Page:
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So this is 50. A perilous stage of life reconsidered, as 10 women define the nature of maturity as they see it now and as they look back.

Turning 50? Welcome to middle age. It's not necessarily a milestone that a woman - or a man - greets without some angst.

For women, it can be an especially annoying occasion, crepe-papered in black by societal expectations, hard-wiring or just stereotype.

But mostly, it's time to stop and assess. Where have I been? Where am I going? Who am I right now?

We recall our mothers. Fifty? Now that was old. Not us. We've got no time to be old. We're working, taking care of kids, even grandkids. Looking after parents. And keeping the home fires burning with the significant other we're bound to for life, with a little luck and perseverance.

And we're enjoying life. The women who share their unvarnished thoughts in today's LifeTimes engagingly relate their thoughts on life's transitions at 50, 60, even 80.

"Thirty was really bad," says singer and artist Natty Moss Bond, 51, of St. Petersburg. "But 50 - I got carded one time after I turned 50! I said to the guy, 'You're coming on to me, right?' "

We've wised up, too. "I have a much better understanding at 62 of who I am and how I want to live my life and who I want to share it with than I did at 30," says Maria Emilia, 62, executive director of the Florida Craftsmen Gallery in St. Petersburg.

"Take advantage of every day of your life," says Beverly Mitlin, 81, of St. Petersburg. "Do what you believe in," she says. She's not talking the talk, she's walking the walk: Mitlin volunteers at All Children's Hospital and is on the board of Suncoast Tiger Bay Club, known for taking politicians to the woodshed. And last fall she was a guest performer in The Vagina Monologues at American Stage. "Nobody should retire," Mitlin says. "You have to have a reason to get up and get moving."

The women here are moving - and shaking - as they navigate each crossroad in life. Mimi Andelman, LifeTimes editor


Angela Bond, 50

Director of development, American Stage, St. Petersburg

I THINK it's a great age. I don't feel old.

THAT MORNING I knew something was going on. I got cards and a present: It was a Snuggie. I went, "Oh, that's appropriate for someone 50 years old!"

OF MY TWO BEST FRIENDS, one is 10 years older. She just welcomed 60 and has no sympathy. The other just passed 40. She has the same attitude I do: "Aw, whatever."

10 YEARS AGO, one of my co-worker's sons met me. He was a little boy at that point; now he's almost 20. When I ran into him recently, he said, "Aren't you the lady who bought my mom's house?" I said, "Yes, I am." "Wow," he said, "you look hot for . . ." An old person? He realized he was about to say something that would have offended me.

YOU HAVE TO EMBRACE 50. It's not going to go away.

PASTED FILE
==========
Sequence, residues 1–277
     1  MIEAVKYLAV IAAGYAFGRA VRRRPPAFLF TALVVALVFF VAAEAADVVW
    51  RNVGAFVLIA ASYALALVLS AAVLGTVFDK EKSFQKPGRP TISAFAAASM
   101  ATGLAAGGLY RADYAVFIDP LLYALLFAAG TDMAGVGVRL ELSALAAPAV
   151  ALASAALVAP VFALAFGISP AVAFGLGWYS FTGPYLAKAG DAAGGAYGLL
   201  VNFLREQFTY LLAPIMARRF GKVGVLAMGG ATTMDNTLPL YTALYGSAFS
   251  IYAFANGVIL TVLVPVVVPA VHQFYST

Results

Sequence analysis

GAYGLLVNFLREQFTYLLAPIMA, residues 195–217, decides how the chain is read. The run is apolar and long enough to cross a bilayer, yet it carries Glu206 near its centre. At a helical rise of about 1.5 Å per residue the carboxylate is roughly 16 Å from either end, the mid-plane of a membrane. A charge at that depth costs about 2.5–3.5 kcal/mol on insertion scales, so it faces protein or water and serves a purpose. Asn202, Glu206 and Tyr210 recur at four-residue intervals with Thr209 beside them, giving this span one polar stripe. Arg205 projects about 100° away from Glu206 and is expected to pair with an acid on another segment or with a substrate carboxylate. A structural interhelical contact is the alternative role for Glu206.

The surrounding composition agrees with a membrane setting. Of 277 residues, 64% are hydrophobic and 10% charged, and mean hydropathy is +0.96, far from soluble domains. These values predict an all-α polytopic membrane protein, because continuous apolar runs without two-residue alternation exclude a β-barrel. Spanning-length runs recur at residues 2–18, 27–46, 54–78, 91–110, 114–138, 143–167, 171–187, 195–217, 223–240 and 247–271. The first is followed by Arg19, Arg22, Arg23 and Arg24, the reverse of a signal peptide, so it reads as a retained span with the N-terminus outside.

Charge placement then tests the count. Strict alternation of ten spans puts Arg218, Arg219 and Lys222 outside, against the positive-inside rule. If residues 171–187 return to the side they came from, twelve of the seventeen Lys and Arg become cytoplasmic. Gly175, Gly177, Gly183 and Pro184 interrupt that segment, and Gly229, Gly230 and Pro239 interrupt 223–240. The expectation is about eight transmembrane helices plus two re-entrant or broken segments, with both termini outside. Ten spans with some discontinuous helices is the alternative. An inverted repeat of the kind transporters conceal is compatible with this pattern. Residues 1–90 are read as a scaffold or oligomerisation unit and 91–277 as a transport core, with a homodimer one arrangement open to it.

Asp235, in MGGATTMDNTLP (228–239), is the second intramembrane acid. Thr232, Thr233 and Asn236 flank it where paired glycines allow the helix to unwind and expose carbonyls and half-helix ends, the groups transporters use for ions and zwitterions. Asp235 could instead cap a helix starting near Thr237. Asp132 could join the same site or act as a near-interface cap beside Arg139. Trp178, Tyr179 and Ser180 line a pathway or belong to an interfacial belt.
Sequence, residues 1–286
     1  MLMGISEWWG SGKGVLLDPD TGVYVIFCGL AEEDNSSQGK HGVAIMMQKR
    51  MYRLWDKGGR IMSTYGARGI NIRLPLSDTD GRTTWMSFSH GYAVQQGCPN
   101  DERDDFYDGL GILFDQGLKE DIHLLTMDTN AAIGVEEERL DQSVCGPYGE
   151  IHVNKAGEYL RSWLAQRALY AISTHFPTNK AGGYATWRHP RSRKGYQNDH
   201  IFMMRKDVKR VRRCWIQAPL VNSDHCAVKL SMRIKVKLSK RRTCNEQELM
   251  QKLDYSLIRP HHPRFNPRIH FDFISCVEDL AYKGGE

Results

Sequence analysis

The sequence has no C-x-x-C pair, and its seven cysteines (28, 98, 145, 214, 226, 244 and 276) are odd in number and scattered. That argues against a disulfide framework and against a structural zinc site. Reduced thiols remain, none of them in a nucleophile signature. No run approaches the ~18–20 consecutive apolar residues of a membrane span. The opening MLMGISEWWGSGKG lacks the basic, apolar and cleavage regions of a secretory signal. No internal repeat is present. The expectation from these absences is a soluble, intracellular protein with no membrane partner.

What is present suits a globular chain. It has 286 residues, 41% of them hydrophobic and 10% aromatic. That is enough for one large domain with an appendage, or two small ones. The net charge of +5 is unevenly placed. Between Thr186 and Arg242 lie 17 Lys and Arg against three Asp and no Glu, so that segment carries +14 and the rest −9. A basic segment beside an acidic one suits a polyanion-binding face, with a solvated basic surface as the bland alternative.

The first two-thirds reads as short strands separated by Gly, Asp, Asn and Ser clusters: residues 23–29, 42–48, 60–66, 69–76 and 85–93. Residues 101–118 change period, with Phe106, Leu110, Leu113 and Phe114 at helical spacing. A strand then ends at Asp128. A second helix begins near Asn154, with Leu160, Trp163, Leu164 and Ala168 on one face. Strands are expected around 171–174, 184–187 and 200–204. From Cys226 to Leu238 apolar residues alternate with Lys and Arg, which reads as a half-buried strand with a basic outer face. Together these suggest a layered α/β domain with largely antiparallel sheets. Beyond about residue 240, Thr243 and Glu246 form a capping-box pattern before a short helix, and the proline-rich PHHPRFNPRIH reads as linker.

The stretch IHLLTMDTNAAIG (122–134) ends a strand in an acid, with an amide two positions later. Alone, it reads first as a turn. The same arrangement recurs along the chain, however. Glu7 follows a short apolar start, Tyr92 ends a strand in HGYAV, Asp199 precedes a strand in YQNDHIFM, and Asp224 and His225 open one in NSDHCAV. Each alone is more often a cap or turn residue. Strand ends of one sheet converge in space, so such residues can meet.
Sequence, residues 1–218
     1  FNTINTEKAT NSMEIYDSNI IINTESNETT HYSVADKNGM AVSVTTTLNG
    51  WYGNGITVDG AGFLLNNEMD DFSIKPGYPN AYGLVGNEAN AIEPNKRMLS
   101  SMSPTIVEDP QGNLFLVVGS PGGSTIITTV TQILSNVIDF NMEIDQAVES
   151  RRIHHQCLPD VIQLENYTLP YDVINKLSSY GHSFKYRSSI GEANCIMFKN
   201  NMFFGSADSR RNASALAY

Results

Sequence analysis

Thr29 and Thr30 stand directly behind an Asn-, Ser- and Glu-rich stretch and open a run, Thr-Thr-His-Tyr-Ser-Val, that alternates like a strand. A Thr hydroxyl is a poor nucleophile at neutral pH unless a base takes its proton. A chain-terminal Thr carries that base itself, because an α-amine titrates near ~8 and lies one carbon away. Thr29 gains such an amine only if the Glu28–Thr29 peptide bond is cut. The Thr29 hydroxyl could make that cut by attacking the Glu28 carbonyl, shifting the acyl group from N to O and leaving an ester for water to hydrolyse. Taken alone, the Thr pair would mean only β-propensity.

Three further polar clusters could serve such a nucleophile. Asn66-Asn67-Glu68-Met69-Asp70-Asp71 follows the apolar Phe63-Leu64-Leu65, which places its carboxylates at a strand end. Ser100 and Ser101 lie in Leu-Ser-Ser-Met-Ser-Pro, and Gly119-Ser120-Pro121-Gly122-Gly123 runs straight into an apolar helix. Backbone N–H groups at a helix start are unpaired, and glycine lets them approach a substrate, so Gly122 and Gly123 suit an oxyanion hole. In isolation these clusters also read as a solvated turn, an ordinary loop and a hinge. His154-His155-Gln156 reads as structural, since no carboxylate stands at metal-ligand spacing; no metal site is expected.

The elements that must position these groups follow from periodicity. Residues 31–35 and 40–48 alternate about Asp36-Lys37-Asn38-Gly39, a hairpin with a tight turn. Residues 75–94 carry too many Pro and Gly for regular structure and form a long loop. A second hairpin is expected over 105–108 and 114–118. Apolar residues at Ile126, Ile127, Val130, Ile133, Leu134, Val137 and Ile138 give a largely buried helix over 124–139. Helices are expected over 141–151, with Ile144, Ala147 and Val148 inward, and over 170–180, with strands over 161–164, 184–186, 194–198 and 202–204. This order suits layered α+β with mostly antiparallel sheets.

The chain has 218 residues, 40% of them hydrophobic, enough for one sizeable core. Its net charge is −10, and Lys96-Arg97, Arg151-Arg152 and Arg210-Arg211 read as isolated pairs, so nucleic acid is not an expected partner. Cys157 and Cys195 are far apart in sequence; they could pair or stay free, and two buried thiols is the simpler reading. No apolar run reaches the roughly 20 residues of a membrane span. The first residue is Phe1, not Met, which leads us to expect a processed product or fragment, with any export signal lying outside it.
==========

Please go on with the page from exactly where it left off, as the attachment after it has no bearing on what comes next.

Paulette Walker Johnson, 50

Dancer, co-founder and artistic director, Soulful Arts Dance Academy, St. Petersburg

WHEN I WAS YOUNGER, I called everybody who was 50 "old."

YOU BECOMETHAT PARENT, that teacher, that mentor. All those things your parents told you stay in your mind. "Oh, now I understand!"

BEING A DANCER, your body is snatched! At 45, my body started changing. Now I have more in the trunk. And my daughter said, "You're getting a pouch!" And I said, "I had two children. Gravity starts moving things."

THE PURPOSE is service. Through the master we come to our community; through the community we come to our world.

BE PATIENT with yourself. You first have to go within yourself before you can find truth, purpose and beauty. It has to first start with you.

MY YOUNG PEOPLE keep my positive energy flowing. I tell the kids all the time, "Once you stop growing, you're dead mentally."


Natty Moss Bond, 51

Singer, artist, painter, tarot reader, St. Petersburg

I WAKE UP in the morning and can't wait to do something creative.

MY LIFE CHANGED a lot right before I turned 50. I ended a relationship that I had been in a long time. It made me nervous about being on my own.

I'M SELLING my work all over the country, which is a miracle to me. The Internet has opened a new world to me.

MY EYESIGHT is worse than it used to be. I hate that because I'm a visual artist. I hate that I can't see. And my feet hurt.

30 WAS REALLY BAD. But 50 - I got carded one time after I turned 50! I said to the guy, "You're coming on to me, right?"

I REMEMBER when my mother was this age and she just seemed ancient. She was menopausal and cranky.

ON MY 50th, I got into the pool with my dress on.

IF I REALIZED that smoking was bad for you, I wouldn't have done it. (I did quit.)

I GO TO YOGA. My mother never went to yoga.

GO TO SCHOOL. Try not to be a musician. Get a real job with health insurance, dental and a 401(k) and don't let anybody control your money. Ever. Ever!

IT'S IMPORTANT to drink a lot of tequila and sleep with younger men.


Gianna Russo, 53

POET; Curator of education,Henry B. Plant Museum, University of Tampa

I'M HITTING MY STRIDE. I really wasn't in my 20s and 30s. I didn't have the maturity.

I HAD A CHRYSLER a few years ago and right at five years, everything broke down. I feel like that's happening to me over the last three or four years.